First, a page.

So you want to DIY your own tie-dyed clothes, bedding, or fabric? Brilliant! My How to Tie-Dye Like a Pro guide walks you through all the steps you need to learn how to tie-dye your own beautiful patterns.
This post will help you collect your essential tie-dye supplies – just the basics to get you started, with plenty of tips for setting up cheaply and using stuff you already own.
View the rest of the articles:
- Choosing the best dye for tie-dye
- Essential tie-dye supplies (right here!)
- Choosing the best fabric for tie-dye
- 11 easy tie-dye patterns for beginners
- Mixing and applying dye (coming soon)
- How to wash tie-dye
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Essential tie-dye supplies
OK, you’ve chosen your dye, let’s round up the rest of the essential tie-dyeing equipment!
If you bought a Tulip One-Step kit you’ll already have most of this – skip ahead to Racks and Trays, and see what you need from there on.
1. Something to apply dye
Squirt or squeeze bottles are the obvious choice. You can definitely use your old sauce bottles – the ones that have a screw-top opening are perfect.
If you purchase bottles, try to get some that have a small opening (easier to manage dye) and are made from squishy plastic (easier on your hands).
Needle-nose bottles are fantastic if you’d like to do really precise patterns or you have unsteady hands.
I also use syringes (what can I say, I’m a nurse) and they work really well, especially for fiddly parts where dye application needs to be precise, like the centre of a tie-dyed spiral. Watch Gabrielle tie-dye with syringes here.
2. Rubber bands or string
Rubber bands are the traditional way to tie tie-dye. I always use natural coloured or white because I don’t want colour from the bands bleeding onto my dyes.
You can use any sort of string. Kite string, reusable zip ties, and artificial sinew are all popular. Acrylic yarn works quite well too as a budget option (and you can see it in many of my videos) – just remember, WHITE!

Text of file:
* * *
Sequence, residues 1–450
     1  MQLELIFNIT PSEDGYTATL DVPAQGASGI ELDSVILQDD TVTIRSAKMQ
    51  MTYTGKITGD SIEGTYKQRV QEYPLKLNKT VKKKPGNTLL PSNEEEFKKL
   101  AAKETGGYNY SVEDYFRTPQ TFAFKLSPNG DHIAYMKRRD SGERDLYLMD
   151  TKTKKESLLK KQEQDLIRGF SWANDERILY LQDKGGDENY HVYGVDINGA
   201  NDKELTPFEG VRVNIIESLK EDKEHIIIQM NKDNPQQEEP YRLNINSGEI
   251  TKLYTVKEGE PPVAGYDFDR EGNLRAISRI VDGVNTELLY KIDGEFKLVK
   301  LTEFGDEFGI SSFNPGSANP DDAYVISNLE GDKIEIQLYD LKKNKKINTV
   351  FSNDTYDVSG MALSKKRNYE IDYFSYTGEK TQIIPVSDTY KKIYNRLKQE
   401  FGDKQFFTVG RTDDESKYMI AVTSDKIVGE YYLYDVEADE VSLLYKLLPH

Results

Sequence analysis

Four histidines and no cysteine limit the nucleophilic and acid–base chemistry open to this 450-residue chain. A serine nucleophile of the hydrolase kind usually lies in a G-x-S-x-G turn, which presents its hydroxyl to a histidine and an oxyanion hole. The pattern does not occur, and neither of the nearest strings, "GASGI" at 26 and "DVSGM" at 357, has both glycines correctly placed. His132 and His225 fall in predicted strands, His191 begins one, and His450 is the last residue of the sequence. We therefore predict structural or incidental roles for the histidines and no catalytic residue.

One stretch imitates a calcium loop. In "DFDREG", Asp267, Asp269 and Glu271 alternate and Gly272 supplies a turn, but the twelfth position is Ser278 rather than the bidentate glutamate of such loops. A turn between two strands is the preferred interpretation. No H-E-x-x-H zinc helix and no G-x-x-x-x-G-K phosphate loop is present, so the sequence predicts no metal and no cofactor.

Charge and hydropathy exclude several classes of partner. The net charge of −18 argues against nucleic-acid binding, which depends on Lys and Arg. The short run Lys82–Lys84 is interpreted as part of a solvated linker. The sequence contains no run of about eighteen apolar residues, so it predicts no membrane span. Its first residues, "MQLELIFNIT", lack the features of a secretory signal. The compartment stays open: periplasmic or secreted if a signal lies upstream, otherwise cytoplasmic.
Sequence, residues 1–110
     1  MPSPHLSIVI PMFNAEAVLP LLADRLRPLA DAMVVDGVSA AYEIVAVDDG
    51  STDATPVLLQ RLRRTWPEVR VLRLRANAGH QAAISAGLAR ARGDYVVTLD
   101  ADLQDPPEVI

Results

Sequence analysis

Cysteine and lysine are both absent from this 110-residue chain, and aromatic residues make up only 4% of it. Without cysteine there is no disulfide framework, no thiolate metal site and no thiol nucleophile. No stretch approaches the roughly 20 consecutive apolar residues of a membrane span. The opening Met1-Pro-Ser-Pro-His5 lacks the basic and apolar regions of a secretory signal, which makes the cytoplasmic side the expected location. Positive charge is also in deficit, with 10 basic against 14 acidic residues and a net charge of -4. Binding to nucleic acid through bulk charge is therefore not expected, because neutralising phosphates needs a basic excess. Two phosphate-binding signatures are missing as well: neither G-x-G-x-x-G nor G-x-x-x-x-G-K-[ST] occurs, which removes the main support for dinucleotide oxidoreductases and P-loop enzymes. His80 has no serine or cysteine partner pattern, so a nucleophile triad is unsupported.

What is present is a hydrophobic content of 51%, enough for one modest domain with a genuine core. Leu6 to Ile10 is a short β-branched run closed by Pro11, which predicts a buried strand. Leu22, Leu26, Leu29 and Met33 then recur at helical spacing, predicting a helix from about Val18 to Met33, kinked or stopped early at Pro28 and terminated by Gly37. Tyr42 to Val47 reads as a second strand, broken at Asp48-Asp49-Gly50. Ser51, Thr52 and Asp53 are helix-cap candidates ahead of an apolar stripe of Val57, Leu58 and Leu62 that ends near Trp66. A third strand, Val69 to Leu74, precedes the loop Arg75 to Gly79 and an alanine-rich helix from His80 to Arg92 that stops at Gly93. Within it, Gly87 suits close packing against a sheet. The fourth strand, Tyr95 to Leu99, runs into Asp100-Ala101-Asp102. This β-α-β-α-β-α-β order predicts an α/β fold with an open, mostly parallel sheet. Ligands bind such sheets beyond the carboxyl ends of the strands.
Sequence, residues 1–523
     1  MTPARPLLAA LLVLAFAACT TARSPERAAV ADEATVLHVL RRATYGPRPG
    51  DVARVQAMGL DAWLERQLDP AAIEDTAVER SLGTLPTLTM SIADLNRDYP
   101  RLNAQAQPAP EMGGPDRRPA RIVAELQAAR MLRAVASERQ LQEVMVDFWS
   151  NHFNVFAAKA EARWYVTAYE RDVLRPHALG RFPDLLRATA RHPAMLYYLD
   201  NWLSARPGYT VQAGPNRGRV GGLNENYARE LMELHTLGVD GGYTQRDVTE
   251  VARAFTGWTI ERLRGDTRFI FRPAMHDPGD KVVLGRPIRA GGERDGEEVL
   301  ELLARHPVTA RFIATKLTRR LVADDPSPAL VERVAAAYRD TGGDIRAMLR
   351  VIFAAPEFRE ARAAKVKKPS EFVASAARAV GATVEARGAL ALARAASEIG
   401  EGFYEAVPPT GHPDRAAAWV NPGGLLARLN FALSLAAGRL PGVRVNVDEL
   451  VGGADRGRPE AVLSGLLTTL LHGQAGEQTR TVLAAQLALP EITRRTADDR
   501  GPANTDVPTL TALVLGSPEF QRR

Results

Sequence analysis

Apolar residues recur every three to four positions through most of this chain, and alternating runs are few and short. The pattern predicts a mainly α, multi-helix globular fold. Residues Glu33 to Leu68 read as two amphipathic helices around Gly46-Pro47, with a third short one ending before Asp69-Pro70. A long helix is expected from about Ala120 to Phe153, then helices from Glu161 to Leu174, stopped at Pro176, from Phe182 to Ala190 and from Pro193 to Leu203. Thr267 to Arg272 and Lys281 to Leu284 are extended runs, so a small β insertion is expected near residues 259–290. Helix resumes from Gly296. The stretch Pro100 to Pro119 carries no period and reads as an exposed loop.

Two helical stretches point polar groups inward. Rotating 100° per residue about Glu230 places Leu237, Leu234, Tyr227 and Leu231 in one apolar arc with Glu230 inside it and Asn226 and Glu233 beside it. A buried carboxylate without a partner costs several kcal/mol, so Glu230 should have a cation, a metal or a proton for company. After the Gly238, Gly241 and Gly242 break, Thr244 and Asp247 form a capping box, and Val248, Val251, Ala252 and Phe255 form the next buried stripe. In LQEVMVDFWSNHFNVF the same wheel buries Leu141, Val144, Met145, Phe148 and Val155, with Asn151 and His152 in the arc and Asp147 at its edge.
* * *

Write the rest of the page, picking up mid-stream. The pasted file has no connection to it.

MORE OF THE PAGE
3. Racks and trays
You’ll also need something to sit your items on while you dye them.
It’s best if the dye can drain as you apply it – otherwise you might flip your item and find an unpleasant muddy-looking mess on the bottom.
You can use old oven racks, fridge shelves, cake racks, bits of wire mesh. Recycling is always best – just remember you CAN’T ever use it for food again.
A lot of dye will drip out underneath, so don’t put the rack straight onto your kitchen bench!
Sit the rack on a tray, or use an old plastic table that you can hose off. Put newspaper underneath to soak up any drips.
If you don’t have anything and don’t want to buy racks you can dye straight onto layers of newspaper or paper towel. Just remember to change it when it gets saturated and put something waterproof underneath if you need to protect the surface.
Other tie-dye equipment
You’ll also need a few other bits and pieces.
- Gloves – wear these all the time. I reuse this and prefer clear, so I can see if one has a hole.
- Mask – you already have some of these, right?! Wear when handling powdered dye or soda ash.
- Sodium carbonate, aka soda ash – This helps bind the dye. Often found in the laundry aisle or with pool chemicals.
- bucket or 10+ litre container for your soda ash soak
- measuring cup – this one makes accurate measuring easy
- teaspoon or measuring spoons – try to get a set with 1/8 teaspoon included
- plastic bags – use whatever you have lying around. I collect all our packaging and reuse it.
- light-coloured washable marker – seriously, a child’s cheap marker is fine. Any water-based marker should wash out, but test first to be safe.
Let me know your favourite background sounds for creating!
OK, you’ve now chosen your dyes AND you’ve got your essential tie-dye supplies. Progress!
Now it’s time to Choose your clothes or fabric to tie-dye. Will you have rainbow bedding? A hoodie? Or stick to the tried-and-tested tie-dye shirts?
Have fun! If you need to know anything else about how to tie-dye please just ask and I’ll update the instructions.